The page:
For all that Boris Johnson, and many others in the Westminster establishment may whinge that Scotland has already had a referendum, the objective fact is that things have changed since 2014. Scotland wanted to remain in the EU, and now is being taken out against its will. Since the Brexit referendum the European Union has now indicated that they would now be much more open to an independent Scotland joining the EU. So in 2014 if you were Scottish and wanted to stay in the EU, your best bet was to vote No to Scottish independence. In 2019, Scottish independence now offers Scots a way to stay in the EU if the rest of Britain leaves.

Orangemen march through the streets of Edinburgh during a
The Orange Lodge (usually associated with Northern Ireland Protestants) March against Scottish independence in Edinburgh in 2014

Labour initially opposed another referendum, but has more recently softened their position saying they would respect a vote of Scots to leave the UK. In turn SNP leader Nicola Sturgeon has said her party would back a Labour Government if they agreed to a second referendum. Nicola would like an independence referendum within a year of forming government. Whereas Jeremy Corbyn has indicated he’d like such a referendum, if it were to happen at all, to occur after the next Scottish Parliament elections in 2021.

The Conservatives in the 2019 election have been saying that electing a Labour government would put at risk the Union of Great Britain.

First point: there is no guarantee a second Scottish referendum would result in Scotland voting to leave the UK.

Second point: if the Conservatives win the coming election, the SNP who are in government in Scotland, could still call an independence referendum. In October 2017 the Catalonia state government in Spain called a referendum on Catalonian independence, and 90% of those that voted supported independence. The Spanish government didn’t recognise the referendum and civil unrest and political instability ensued. The SNP have already indicated they would consider holding a similar referendum, even if not recognised by Westminster after Britain leaves the EU.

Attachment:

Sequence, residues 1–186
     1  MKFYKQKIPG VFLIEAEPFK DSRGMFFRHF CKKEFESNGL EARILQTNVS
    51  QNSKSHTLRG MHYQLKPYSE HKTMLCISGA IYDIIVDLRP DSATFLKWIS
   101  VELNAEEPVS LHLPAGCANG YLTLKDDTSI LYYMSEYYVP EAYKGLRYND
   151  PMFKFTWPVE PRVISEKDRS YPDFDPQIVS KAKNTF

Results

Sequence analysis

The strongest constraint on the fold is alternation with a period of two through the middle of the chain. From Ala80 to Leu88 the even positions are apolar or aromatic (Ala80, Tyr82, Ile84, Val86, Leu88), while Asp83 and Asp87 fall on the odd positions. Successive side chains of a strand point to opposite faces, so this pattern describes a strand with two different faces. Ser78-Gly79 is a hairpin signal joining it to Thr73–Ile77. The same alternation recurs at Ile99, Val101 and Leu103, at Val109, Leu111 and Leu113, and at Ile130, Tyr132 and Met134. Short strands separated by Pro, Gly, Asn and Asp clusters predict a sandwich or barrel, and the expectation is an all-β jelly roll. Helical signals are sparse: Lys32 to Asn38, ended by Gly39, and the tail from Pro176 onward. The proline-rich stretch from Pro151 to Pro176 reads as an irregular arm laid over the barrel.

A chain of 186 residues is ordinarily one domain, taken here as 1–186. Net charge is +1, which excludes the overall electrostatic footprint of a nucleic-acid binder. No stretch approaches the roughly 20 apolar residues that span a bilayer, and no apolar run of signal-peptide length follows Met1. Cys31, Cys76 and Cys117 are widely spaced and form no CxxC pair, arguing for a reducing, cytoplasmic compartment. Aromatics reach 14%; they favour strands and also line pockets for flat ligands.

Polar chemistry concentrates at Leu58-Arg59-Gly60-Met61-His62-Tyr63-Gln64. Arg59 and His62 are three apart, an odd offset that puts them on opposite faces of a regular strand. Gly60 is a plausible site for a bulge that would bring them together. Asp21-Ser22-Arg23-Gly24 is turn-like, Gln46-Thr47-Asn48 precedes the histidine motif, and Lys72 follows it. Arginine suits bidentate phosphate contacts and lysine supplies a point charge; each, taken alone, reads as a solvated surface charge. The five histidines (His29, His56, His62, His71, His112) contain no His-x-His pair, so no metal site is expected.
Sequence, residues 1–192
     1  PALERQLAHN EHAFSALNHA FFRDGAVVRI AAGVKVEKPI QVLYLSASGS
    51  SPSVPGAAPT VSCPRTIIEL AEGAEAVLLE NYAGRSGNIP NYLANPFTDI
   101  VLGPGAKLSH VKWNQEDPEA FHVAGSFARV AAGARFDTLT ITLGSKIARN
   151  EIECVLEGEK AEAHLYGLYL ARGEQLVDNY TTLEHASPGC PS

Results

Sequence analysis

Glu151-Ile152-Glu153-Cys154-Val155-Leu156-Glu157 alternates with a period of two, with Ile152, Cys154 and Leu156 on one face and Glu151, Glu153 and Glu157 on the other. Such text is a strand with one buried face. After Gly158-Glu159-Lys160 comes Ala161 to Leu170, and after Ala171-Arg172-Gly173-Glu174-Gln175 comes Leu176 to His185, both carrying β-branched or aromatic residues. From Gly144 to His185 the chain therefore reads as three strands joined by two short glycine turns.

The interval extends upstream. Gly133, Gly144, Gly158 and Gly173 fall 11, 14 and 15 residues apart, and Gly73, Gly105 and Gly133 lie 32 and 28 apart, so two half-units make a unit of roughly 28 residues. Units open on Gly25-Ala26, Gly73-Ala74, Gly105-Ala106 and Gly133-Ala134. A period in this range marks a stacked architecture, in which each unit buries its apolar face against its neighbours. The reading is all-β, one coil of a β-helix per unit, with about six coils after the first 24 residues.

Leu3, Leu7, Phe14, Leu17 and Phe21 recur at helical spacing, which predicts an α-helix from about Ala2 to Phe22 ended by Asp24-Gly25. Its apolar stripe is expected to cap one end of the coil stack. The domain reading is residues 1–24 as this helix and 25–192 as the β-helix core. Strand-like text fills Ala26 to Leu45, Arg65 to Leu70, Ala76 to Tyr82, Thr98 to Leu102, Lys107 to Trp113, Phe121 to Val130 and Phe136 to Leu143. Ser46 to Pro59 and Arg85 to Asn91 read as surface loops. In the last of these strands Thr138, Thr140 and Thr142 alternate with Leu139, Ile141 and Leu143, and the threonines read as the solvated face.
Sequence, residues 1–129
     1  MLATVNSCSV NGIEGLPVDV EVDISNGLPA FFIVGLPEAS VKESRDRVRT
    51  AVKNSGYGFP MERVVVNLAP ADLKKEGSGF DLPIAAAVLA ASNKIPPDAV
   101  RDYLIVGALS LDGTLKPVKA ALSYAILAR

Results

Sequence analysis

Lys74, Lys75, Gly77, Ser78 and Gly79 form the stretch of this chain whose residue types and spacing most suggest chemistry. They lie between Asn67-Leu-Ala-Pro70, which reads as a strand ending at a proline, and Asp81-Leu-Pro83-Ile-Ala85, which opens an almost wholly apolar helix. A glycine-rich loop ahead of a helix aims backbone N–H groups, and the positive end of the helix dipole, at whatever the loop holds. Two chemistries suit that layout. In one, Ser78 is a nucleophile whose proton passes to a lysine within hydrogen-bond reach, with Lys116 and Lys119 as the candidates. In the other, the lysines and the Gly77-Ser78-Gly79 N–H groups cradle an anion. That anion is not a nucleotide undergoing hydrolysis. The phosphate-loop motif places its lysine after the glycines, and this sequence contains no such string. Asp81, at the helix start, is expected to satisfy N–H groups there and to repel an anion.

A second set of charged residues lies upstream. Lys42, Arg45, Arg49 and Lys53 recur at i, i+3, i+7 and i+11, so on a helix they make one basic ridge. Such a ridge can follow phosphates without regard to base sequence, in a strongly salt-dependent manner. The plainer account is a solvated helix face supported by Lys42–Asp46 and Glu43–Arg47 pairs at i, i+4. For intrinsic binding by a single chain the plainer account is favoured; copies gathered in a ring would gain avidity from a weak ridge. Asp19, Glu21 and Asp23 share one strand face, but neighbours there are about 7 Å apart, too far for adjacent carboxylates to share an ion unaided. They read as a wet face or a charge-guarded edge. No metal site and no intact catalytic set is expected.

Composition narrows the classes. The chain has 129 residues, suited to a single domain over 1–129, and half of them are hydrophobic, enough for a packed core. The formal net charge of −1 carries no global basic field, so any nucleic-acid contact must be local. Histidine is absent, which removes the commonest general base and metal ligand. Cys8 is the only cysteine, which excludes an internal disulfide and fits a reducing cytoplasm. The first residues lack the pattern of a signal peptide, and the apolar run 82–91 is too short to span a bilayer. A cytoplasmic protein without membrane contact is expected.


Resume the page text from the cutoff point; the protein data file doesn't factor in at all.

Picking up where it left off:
Forcing Scots to stay part of the UK against their will would do nothing to “defend the precious union” as Boris Johnson waxes lyrical about on the campaign trail. Many in the UK may not want Scottish independence to happen. But it needs to be accepted that the situation has changed significantly since 2014. If people in Scotland don’t want to be part of Brexit Britain, then this needs to be democratically tested and the result respected.

Whatever happens in next weeks general election – the issue of Scottish independence is not going to go away.

 

Youth and the aspirational centre

One of the cliche’s you hear from those active in politics over the last 30 years is that “you have to win the centre”. What is this centre? Presumably the people who float between the political left and the political right in the construct that is western parliamentary democracy. But what does this mean?

The reality is the concept of this centre has always been a bit of nonsense by those who want to simplify politics down to very basic groupings of voters. The theory is that there are those on the left and those on the right. Then there are these centrist voters who swing between left and right and they decide the election. In the UK context where there is a First Past the Post electoral system, this means that elections are won or lost on a couple of dozen marginal constituencies, mostly made up of middle class aspirational swing voters.